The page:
CodeNext, Austin’s wholesale reform of zoning laws, enters its second year with competing input on what development rules should change, and even how the rewrite process itself should happen.
As expected, the Real Estate Council of Austin (RECA) is proposing a “clean slate” approach that overturns almost all existing rules, with the intent of making development in Austin much easier. Opposing RECA is the Austin Neighborhoods Council (ANC), which has urged that the process slow down, and that important decisions be made by the new 10-1 City Council starting in 2015.
In between are various groups and agendas: advocates for family-friendly housing, affordability, environment, and public space.
Real Estate Industry – Let’s Go!
The Real Estate Council (RECA) has pushed for the most transformative changes. A RECA working group on January 28 proposed the following:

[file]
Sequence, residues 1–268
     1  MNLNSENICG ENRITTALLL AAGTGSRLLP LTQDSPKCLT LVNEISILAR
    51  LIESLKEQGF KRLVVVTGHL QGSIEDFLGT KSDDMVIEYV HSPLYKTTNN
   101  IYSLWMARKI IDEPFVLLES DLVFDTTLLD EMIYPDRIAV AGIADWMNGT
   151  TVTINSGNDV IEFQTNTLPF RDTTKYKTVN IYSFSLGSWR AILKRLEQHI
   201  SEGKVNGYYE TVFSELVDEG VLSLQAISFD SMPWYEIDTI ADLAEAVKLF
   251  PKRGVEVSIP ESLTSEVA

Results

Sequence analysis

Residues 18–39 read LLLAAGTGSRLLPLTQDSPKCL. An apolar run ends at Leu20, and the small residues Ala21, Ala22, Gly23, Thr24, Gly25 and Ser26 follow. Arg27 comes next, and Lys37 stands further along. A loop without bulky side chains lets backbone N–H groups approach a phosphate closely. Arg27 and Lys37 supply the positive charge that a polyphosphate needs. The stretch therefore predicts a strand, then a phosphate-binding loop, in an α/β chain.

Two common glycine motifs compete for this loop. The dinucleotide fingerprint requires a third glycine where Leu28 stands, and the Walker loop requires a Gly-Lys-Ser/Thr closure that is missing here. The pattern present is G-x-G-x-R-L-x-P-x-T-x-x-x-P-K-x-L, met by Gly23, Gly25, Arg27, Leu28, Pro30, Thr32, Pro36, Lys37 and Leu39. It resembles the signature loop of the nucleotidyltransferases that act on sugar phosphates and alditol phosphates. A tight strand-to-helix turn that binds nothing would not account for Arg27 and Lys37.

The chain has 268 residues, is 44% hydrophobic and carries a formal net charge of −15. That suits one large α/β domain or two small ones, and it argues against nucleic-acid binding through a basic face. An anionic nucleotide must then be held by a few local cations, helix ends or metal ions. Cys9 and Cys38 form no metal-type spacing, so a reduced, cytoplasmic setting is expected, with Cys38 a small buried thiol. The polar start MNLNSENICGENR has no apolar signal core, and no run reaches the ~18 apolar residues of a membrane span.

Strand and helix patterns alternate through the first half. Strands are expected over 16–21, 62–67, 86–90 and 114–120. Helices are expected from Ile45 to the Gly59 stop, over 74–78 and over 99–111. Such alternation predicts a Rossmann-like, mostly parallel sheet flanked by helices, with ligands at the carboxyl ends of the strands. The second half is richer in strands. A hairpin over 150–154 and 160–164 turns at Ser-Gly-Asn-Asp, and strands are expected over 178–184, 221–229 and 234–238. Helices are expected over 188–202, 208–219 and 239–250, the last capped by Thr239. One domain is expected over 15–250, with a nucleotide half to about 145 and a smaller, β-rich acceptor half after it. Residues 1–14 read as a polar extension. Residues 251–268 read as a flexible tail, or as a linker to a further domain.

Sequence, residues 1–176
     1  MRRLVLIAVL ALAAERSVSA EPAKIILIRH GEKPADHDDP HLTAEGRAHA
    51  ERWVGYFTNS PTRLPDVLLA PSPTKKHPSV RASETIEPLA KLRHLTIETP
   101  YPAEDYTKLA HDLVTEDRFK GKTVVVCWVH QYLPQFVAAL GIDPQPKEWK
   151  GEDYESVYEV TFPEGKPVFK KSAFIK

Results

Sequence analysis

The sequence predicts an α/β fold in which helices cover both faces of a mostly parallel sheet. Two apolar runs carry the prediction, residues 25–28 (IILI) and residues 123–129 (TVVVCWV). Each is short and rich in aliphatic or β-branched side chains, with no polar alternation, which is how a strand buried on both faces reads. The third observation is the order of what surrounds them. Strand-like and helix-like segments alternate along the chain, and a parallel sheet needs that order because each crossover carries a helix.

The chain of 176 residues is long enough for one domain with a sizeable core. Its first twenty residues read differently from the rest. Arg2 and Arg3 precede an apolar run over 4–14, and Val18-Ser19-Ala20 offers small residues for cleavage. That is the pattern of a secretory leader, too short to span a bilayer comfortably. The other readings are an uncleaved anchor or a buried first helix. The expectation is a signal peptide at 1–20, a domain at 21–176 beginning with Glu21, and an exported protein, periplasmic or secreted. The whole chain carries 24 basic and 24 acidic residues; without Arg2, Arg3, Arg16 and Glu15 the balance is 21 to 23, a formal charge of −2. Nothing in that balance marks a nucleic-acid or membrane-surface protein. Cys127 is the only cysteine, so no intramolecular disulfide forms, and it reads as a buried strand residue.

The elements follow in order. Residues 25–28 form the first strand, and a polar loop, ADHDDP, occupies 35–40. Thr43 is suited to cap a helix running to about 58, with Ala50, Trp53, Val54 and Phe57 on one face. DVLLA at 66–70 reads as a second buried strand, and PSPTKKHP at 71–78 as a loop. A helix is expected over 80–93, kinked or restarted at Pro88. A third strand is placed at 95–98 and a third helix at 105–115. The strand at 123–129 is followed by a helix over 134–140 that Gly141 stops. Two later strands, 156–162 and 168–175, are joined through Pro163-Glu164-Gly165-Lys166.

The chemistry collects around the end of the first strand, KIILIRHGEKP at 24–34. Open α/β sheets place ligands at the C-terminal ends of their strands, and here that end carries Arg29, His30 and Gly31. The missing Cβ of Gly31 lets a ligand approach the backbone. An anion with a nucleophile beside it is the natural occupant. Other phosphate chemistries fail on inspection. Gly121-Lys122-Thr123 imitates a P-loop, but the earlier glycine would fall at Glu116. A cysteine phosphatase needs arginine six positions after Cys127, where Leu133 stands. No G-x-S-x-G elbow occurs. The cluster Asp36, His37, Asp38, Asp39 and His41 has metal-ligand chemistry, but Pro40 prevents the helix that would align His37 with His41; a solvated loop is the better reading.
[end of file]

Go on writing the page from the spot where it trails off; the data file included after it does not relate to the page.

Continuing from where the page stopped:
- Scrap the existing zoning regulations, start from a fresh slate
- Scrap the McMansion ordinance
- Scrap the Commercial Design Standards – Vertical Mixed Use ordinance (applies to most properties along Burnet, Lamar, other commercial streets)
- Scrap minimum lot size requirements, including for residential lots
- Scrap the conditional use permit requirement for bars, which allows special requirements to be placed on the bar’s operations
- Reduce the distance from single-family housing that triggers compatibility setbacks (currently 540’)
- Change the Heritage Tree ordinance to allow removal of large trees in return for new plantings at other locations (assumes equivalent value)
- Introduce standard rules for flag-lot development
- New subdivision zoning rules (mainly used in the suburbs) should require different levels of connectivity and environmental protection than zoning rules for urban areas
- Simplify rules for building duplexes
- Define height limits by number of stories, not linear feet
The working group suggested a more aggressive density program is required. “Redevelopment and density are needed not only in Imagine Austin centers and corridors; it has been predicted that the current growth concept map will only account for one-third of Austin’s projected growth.”